In the last semester of my 1st year in uni, the final project on Data Structures required a team of 4 to create a search engine that could execute common search queries on a give data set.

You can clone the repository, build it with your C++ compiler, and run it. However remember to put the executable file inside the same folder as the data set. Link to source code on GitHub

Storing data

At first, I was a little shocked at the request because I thought the way to do it was string and sub-string comparison on each items. Turned out, there was a way to store data such that we can find the location of a string and the article containing it in relatively fast speed. It was called a Trie tree. In this structure, each node contains information for a letter such as lists of positions in an article,a list of article’s IDs and links to the next letter. Traversing the tree will give us the word we want. After storing all the text files into trees, we can quickly look up the id of files containing the keywords we search for after traversing the word string only once. By doing it this way, we are essentially trading memory and initializing speed for processing speed. Since we are more likely to start the program once, but use it many times, and memory is cheaper than CPU, we are happy to take that trade-off. Below is an image to illustrate, courtesy of Wikipedia

Parsing data and queries

Before we can store these text files into the Trie tree we have to parse them for “words”. To do that, first we have to define what is word. We decided that word is a combination of letters wrapped by a set of tokens we defined. These tokens include blank spaces, line delimiter, braces, commas, … basically everything on the keyboard that isn’t a number or a exist in the alphabet. We parsed these files line by line, each line results in a vector of words and we store each of these words into the tree. Now here is what caused lots of the bugs: names of text files weren’t properly formatted and text files might be written using different encodings. This resulted in failed data storage of data and special characters that lead to correct results not showing. We were not allowed to make any changes to data files so we had to create a work around in our code using a lot of clunky IF statements that made the import function look like an abomination. You can view it in the source code, the function is called “Load_data”. As for parsing keywords and operators in the queries, it was the same as parsing for normal words, we stored everything in a vector and later use IF and switch-case statements to work on the operators.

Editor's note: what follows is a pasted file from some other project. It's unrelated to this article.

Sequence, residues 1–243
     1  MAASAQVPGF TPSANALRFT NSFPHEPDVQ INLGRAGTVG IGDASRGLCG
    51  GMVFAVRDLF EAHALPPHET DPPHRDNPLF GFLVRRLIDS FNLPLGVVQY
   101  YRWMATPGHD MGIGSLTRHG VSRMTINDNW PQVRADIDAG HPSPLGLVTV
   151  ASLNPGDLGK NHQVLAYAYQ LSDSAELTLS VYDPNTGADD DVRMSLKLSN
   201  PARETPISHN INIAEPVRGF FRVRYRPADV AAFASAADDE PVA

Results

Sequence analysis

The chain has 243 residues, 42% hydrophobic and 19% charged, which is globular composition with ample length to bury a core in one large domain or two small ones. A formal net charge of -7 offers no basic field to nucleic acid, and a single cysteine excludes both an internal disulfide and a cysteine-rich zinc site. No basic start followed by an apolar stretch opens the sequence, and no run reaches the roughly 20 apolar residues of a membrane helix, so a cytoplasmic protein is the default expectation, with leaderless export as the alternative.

For simple queries type such as AND, OR. We simple search each of the keywords then perform set operations on the set of results. For AND queries, we would take the intersection of results and take the union for OR queries. If there are no operators, we will assume it is a query of type OR. As for the more tricky query type, the incomplete match, we would use BFS to search for all results, starting at the last node of the operand. Individually, these operators didn’t pose much problems, but when combined into one complex query, we have to take into careful consideration the order of which we executes each operator and how we combine the results. Search history and autocomplete suggestions As a bonus feature, we managed to save the search history, show them and also use them to give autocomplete suggestions. The way we did was using a Trie tree to store the search history as well. Then use BFS again to give autocomplete suggestions every time the user inputs a character. This guaranteed the maximum score for our projects. Better UI While I was frantically testing with different combinations of queries and fixing bugs to ensure correct results as I was the team’s QC/QA specialist. My friends worked on enhancing the fluidity of our UI. Since it’s only a console application, most of the times, user interact by typing in and pressing enter. But with some research and determination, our application managed to interact directly with keyboard inputs in real time, which was not as easy as we thought. After typing in the query and pressing enter, users can navigate through the result pages by pressing “1” and “2” on the keyboard to move forward and backward between pages and the page numbers are shown at the bottom of the page as well.

Closing thoughts

This project was one of the best I ever had in college. The work was challenging and eye-opening. It felt extremely satisfying to pull off personally for me because I thought it was out of my league. I have always thought that you need to learn some advanced string comparison, and store data in a complex data structure using OOP to actually make a search engine that could execute queries in an amount time short enough for it to be useful. Turns out, I only lacked that one bit of knowledge about the existence of Trie tree to push through. Data structure was truly the key to this project.